I suggest before you go searching for parking at your local ethnic restaurant you park yourself on the couch and take a long hard look at the ethnic Cleveland you’ve seen, but have yet to really look into via Cleveland Ethnic Eats.


Cleveland Ethnic Eats is authored by Laura Taxel who has her finger on the pulse of Cleveland’s dining scene. Her book is published by Gray & Company which is one place you might find it available for purchase as well as and many local retail bookstores, at quite a reasonable price I might add.


Thursday, July 02, 2009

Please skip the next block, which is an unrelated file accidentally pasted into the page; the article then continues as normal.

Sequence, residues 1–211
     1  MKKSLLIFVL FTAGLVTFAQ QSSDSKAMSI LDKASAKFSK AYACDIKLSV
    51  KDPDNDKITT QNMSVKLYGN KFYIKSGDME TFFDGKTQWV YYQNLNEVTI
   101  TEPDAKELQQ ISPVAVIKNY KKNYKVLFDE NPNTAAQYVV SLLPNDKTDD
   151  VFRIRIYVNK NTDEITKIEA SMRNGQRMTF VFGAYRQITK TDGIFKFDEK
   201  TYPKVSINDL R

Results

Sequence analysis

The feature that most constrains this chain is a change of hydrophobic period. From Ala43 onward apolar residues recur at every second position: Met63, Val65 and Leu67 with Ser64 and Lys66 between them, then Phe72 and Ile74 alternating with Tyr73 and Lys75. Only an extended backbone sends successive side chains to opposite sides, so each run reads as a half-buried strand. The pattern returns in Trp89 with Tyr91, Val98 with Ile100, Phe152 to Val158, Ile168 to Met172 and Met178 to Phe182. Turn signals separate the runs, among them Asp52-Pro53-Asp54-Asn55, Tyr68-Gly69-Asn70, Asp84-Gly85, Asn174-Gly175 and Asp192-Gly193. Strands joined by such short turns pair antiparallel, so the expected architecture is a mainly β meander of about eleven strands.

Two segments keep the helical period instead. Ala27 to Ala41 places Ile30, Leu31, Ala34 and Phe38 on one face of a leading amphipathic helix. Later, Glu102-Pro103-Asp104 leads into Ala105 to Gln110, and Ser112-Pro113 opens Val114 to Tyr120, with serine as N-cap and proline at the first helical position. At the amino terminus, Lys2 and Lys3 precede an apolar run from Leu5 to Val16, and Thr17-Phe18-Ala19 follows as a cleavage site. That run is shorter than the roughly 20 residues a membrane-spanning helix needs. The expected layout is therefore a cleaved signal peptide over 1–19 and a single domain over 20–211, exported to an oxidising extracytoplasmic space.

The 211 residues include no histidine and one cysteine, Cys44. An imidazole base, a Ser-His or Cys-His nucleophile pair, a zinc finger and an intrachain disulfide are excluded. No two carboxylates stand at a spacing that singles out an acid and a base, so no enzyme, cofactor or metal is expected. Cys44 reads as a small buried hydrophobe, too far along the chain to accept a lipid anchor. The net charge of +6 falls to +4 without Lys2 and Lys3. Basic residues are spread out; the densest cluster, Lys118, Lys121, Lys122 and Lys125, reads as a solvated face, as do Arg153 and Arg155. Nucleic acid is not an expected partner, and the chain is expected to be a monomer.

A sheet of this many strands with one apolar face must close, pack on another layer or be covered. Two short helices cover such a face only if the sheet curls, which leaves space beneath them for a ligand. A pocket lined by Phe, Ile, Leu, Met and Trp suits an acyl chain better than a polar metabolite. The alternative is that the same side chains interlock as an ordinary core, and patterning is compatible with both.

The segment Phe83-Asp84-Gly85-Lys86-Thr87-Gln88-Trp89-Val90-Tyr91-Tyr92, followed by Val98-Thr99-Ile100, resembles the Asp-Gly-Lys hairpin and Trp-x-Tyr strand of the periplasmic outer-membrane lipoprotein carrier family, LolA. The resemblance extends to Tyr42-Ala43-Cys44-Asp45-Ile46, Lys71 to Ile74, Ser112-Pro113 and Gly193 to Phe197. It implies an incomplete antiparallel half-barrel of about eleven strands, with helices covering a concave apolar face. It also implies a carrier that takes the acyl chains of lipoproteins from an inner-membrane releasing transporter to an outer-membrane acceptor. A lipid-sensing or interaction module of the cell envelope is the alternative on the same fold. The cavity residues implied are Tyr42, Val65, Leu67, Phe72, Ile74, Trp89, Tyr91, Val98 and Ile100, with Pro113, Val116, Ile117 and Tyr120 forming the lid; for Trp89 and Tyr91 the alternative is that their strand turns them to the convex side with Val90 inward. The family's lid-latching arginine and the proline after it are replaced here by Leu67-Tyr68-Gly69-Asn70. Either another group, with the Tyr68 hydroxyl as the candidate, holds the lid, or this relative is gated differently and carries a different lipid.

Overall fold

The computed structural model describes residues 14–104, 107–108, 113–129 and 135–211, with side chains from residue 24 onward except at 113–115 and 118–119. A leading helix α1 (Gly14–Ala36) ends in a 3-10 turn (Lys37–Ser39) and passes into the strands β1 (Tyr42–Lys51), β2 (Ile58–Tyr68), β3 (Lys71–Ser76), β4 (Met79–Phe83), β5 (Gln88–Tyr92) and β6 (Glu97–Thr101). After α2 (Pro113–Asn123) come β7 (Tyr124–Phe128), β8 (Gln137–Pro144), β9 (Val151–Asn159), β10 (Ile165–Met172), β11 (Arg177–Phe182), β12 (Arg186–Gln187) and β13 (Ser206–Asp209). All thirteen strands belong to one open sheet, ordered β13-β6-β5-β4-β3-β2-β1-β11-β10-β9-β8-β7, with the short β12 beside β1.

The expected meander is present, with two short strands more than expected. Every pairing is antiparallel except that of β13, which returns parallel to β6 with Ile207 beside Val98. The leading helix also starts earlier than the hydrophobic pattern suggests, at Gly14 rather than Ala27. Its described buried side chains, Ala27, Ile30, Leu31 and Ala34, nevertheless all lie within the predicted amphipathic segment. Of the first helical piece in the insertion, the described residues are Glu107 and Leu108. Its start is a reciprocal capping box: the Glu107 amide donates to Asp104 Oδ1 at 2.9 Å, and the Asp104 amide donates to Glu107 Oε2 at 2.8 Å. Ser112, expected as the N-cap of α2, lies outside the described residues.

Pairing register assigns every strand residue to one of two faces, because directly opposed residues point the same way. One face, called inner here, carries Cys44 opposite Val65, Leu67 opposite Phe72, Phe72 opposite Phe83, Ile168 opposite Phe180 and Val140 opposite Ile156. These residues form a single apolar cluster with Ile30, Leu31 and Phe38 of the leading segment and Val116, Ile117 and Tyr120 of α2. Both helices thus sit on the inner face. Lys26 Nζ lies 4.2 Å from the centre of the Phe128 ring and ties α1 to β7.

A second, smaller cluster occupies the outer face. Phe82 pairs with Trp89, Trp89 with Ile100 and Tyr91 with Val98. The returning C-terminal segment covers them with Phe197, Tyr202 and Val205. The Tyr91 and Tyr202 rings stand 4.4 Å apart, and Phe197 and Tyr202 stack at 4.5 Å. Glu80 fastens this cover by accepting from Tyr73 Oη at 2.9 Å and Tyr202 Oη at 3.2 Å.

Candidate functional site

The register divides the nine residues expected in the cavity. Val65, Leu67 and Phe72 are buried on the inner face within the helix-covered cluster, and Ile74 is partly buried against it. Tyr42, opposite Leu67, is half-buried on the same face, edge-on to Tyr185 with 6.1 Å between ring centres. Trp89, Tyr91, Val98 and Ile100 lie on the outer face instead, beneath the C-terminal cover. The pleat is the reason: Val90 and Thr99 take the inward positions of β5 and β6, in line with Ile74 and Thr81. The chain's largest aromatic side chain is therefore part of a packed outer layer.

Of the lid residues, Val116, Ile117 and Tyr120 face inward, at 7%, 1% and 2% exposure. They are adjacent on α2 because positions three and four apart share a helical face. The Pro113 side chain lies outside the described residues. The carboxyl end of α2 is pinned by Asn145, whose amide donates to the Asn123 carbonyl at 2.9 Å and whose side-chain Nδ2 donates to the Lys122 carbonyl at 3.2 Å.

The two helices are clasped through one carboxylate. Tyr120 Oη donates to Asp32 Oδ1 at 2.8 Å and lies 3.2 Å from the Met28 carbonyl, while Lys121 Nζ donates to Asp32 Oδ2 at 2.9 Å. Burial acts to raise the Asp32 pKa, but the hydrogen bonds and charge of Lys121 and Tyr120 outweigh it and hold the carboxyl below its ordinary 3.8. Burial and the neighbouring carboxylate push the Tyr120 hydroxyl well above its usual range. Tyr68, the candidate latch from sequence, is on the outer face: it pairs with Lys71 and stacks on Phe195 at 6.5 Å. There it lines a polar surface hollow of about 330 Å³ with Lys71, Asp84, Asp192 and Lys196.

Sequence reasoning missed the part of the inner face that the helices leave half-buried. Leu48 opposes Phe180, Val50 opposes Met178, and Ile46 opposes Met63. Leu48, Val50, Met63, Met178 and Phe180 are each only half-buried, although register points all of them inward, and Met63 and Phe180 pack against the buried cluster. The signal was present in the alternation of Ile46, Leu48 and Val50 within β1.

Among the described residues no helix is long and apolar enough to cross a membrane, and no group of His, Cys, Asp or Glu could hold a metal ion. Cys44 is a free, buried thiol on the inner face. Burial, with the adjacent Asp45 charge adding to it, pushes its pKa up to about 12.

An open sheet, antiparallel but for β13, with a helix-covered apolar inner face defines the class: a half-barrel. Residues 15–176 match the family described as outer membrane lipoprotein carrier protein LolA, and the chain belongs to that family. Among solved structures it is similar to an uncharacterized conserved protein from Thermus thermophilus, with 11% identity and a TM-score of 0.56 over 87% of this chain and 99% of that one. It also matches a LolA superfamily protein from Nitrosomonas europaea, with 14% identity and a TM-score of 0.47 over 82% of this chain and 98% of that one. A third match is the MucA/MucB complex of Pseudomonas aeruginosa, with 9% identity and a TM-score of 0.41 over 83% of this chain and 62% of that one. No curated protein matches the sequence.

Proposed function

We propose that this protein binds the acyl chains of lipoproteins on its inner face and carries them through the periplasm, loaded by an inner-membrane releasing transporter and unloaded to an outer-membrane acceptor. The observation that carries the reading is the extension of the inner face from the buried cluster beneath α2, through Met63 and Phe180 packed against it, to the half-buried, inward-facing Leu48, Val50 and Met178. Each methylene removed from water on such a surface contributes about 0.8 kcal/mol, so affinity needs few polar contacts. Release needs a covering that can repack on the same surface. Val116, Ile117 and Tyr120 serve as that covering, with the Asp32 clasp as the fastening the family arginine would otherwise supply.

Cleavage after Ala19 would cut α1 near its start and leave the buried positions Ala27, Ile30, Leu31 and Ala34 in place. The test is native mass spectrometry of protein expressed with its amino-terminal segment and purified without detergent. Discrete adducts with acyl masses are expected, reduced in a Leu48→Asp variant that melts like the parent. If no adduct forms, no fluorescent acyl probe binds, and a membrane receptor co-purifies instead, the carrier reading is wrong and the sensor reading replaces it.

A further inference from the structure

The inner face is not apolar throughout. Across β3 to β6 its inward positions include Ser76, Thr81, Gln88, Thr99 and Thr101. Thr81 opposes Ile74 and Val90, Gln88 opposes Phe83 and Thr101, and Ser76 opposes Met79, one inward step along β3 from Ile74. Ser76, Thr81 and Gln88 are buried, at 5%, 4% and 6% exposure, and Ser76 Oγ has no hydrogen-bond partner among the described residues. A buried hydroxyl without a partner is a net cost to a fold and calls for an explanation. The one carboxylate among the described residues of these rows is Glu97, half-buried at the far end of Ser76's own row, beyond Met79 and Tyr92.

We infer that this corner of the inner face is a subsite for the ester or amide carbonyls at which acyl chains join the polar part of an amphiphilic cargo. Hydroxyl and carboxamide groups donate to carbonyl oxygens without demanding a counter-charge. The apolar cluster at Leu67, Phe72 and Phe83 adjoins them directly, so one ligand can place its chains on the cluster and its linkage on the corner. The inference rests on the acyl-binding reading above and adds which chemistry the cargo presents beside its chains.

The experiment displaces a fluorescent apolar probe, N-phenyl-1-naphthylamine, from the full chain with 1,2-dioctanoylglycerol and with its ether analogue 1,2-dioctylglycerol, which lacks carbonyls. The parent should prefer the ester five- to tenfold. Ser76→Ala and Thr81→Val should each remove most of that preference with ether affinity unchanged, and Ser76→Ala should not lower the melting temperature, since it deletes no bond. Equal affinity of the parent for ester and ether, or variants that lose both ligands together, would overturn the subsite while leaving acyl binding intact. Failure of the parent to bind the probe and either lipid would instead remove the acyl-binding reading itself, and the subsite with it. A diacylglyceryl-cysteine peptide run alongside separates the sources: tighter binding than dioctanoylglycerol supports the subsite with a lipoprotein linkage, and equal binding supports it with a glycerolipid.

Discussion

New poll of summer events

With summer in full swing we are knee deep in outdoor activities. Like every good foodie I associate some type of food with every event. I mean what's it worth if there isn't any food involved? So I tried to pick some of the areas popular summer events, pair them with the food most connected with it, and I'm asking you; which summer food activity combo do you most enjoy?

You can select more than one answer.